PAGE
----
Wednesday, June 6, 2012

'Moonrise Kingdom' makes happy campers of starcrossed lovers

Posted By on Wed, Jun 6, 2012 at 11:00 AM

TIL SCHOOL DO US PART: Kara Hayward and Jared Gilman
The coming-of-age comedy Moonrise Kingdom avoids identifying the exact location of New Penzance Island, but the quaint community with its lighthouse, summer camp and Native American trails probably lies in New England. New Penzance unmistakably belongs within the borders of WesAndersonLand, that cinematic territory of bittersweet whimsy where kids have more wisdom than adults and history seems to have stopped in the 1970s.

As a filmmaker, Anderson restricts himself to a narrow visual and emotional palette, perpetually exploring themes of neglectful parental figures in scenes so meticulously designed, they resemble museum displays more than human habitations. In Moonrise Kingdom, like his breakthrough film Rushmore, the twee style dovetails with the point of view and self-perception of Anderson's star-crossed young protagonists, so the layers of nostalgia don't muffle the film's heartbeat.

In 1965, just three days before the arrival of a major storm, New Penzance gets thrown into a tizzy when two 12 year-olds run off together. Both sought escape from stultifying environments. Suzy (Kara Hayward) constantly looks through binoculars as if desperate to find an alternative to her self-absorbed parents (Billy Murray and Frances McDormand). Orphaned Sam (Jared Gilman) stole away from Camp Ivanhoe, a boys' retreat run by an ineffectual scoutmaster (Edward Norton). On the trail of the runaways are the island's police officer (Bruce Willis) and Sam's fellow Khaki Scouts, an amusingly interchangeable mob with names like Izod, Redford and Lazy Eye.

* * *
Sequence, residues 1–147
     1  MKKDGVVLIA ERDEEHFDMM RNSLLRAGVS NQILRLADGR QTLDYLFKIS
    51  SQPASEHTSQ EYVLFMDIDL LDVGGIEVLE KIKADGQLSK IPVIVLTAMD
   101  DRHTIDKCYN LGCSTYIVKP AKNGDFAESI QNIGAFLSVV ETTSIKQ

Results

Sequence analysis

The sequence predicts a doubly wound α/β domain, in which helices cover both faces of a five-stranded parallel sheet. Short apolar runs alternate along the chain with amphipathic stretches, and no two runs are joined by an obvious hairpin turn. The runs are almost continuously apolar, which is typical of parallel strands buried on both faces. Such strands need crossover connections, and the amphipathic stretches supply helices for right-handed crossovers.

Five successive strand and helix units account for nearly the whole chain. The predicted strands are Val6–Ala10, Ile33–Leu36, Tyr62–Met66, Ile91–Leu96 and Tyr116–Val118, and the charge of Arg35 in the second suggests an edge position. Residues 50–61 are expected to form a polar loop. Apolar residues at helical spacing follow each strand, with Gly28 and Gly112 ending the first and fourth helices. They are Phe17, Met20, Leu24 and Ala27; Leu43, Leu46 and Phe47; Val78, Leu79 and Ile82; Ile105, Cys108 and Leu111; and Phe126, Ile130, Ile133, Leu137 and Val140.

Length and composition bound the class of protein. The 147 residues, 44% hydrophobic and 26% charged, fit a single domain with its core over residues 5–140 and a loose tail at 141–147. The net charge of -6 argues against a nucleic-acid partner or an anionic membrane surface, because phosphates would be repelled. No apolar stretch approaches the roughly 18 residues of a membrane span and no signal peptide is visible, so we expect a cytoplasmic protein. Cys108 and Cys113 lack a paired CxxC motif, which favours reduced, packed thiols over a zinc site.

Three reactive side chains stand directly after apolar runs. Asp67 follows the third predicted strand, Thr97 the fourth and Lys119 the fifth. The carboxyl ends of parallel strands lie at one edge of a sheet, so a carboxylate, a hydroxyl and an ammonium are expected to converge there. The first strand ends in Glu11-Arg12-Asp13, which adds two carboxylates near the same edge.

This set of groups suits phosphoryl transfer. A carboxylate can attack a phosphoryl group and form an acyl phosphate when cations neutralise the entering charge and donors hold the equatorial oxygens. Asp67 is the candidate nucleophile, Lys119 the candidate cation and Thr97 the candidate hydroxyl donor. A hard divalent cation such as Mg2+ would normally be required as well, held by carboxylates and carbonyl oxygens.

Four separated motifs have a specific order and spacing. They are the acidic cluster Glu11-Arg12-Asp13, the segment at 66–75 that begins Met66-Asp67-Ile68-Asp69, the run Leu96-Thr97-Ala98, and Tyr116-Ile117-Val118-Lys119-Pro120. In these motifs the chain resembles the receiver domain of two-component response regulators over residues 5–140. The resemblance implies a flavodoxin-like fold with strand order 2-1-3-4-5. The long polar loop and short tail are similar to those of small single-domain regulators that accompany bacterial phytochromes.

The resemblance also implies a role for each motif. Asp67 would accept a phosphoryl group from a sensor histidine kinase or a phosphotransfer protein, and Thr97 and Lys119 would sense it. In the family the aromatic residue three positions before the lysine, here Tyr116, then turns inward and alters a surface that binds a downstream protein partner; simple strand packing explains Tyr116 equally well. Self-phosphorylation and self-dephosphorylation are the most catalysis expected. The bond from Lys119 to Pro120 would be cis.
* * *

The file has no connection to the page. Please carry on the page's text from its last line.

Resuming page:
Thanks to Sam's excellent survival skills, the two camp under trees and by seasides, where they read, cook, swim in their underwear and skittishly explore first and second base. Both sport Anderson-worthy affectations, like Sam's corncob pipe and Suzy's fantasy novels and turquoise mascara. (It's easy to imagine Suzy as a symbol of sexual precocity in a 1960s French film.) But they play off each other like actual young people, prone to grandiose ideas yet with little experience of real romance or each other. Anderson may have cast Hayward and Gilman for their low-key, naturalistic acting, which floats like a bubble of realism amid Moonrise Kingdom's deadpan sight gags and carefully arranged compositions.

Anderson offers a soft portrayal of both kids' challenging personalities. Two amusing montages reveal Sam as a rebellious outsider at an orphanage filled with interchangeable bullies, while Suzy lashes out at her teaches and family. A film that mirrored the grown-ups' point of view would probably find them both abrasive and difficult, but Anderson instead wants to honor their short-lived fantasy of love and liberation.

Moonrise Kingdom features droll subplots about the adults that feel more pro forma, and devotes a surprising amount of time to the music of Benjamin Britten, as if Anderson wants to add operatic emotions to his usual obsessions. Moonrise Kingdom fosters enough attachment to Suzy, Sam and the hapless adults that the audience has stake in their outcomes. Filled with Anderson's trademark comedic melancholy, Moonrise Kingdom evokes the kind of first love that feels like part of an endless summer, while disappearing all too quickly.

Moonrise Kingdom. 4 stars. Directed by Wes Anderson. Stars Kara Hayward, Jared Gilman. Rated PG-13. Opens Fri., June 8. At area theaters.

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